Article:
An eclectic website about Women, Christianity, History, Culture
and the Arts--and anything else that comes to mind.
Here in August, at the height of vacation season, my mind
turns to work. Partly, because next month school starts, and
my work at the high school will shift into high gear. But also,
because I often think about work. Iâ€™m embarrassed to
admit it, but I love work.
It may be a sort of collective consciousness. God gave
Adam and Eve work to do. He put them in a garden to till
it. They were to replenish the earth and provide for
themselves and those entrusted to their care.
But itâ€™s also training. When I was very young, my
Granny taught me that â€œAll honest work is noble.â€�
And she should know. She worked hard all her life to make
a home for her two fatherless children.
I can only take about a week of vacation without needing
some kind of project to occupy my hands and mind. This
summer, itâ€™s been organizing. Iâ€™ve been organizing
the house, organizing the garage, organizing the office,
organizing my computers (home and office, or rather, home
office and high school office), and organizing my writing.
At the high school, Iâ€™m writing reports on grants we
received, writing new ones, and gearing up for the coming
school year. Itâ€™s amazing what you can accomplish at a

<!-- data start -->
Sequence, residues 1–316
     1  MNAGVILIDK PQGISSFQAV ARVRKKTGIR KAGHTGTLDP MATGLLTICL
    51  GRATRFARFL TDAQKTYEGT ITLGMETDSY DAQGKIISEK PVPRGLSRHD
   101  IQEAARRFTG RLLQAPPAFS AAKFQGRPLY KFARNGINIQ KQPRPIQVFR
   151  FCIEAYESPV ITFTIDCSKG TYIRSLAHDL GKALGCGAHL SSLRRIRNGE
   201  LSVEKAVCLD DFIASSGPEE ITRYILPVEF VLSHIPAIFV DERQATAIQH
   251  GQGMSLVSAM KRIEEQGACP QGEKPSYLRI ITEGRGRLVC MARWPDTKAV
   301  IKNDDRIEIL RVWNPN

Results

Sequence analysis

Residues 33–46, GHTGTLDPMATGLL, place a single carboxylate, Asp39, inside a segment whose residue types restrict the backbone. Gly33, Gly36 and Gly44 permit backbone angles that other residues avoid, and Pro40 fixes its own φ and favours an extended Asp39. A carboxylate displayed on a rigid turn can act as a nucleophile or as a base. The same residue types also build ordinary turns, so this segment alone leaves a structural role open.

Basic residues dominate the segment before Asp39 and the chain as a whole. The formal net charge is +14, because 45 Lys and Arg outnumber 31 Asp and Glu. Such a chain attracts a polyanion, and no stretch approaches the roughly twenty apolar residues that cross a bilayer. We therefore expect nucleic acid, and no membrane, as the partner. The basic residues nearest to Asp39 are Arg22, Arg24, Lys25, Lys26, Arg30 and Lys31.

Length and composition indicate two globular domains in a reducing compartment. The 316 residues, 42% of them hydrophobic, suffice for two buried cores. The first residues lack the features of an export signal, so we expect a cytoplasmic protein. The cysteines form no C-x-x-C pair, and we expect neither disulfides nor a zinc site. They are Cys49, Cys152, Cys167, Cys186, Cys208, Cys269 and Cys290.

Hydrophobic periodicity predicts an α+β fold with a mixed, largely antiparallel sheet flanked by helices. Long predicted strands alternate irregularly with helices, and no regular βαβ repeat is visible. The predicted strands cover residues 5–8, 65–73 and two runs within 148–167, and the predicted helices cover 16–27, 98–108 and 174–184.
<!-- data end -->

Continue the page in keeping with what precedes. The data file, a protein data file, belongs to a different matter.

school when there are no students on campus!
After 12 years in this house, with two kids adding to the pile
of boxes and junk in the garage, weâ€™ve been clearing
out and paring down this summer. Getting down to the
things we use and arranging them so theyâ€™ll be easier to
get at. Clear plastic bins so we can see whatâ€™s stored--
Christmas decorations, scrapbooks and photo albums.
Yard tools in one place, hand tools in another, car supplies,
BBQ supplies in yet another.
Iâ€™ve worked all my life--as a child in my fatherâ€™s
newspaper, in two college publicity departments to pay for
my education, and as an adult in writing and editing a
magazine, keeping house and rearing children, running a
nonprofit and working at a school.
There are basically two kinds of work--thinking work and
doing work; planning work and implementing work,
organizing work and producing work. As I grow older, I
find myself gravitating toward thinking, planning and
organizing, though itâ€™s the doing, implementing and
producing that pays real dividends in satisfaction when you
see the results of your efforts and wonder how you were
able to put up with the mess so long.
Iâ€™ve reached that point at school. We had a meeting for
parents, and I was pleased that the office was so much
neater and well-organized than it had been. I even had
empty space on my desk for a treasured possession--a
picture of my daughter and me holding our new
granddaughter on the first Motherâ€™s Day we all
Now, if I could just reach that point in the garage!
This month we talk about "masters and servants" (employers
and employees), about working for God, and about three
Iâ€™d love to hear your thoughts about work. Donâ€™t
hesitate to click on my email address, b.silvey@sbcglobal.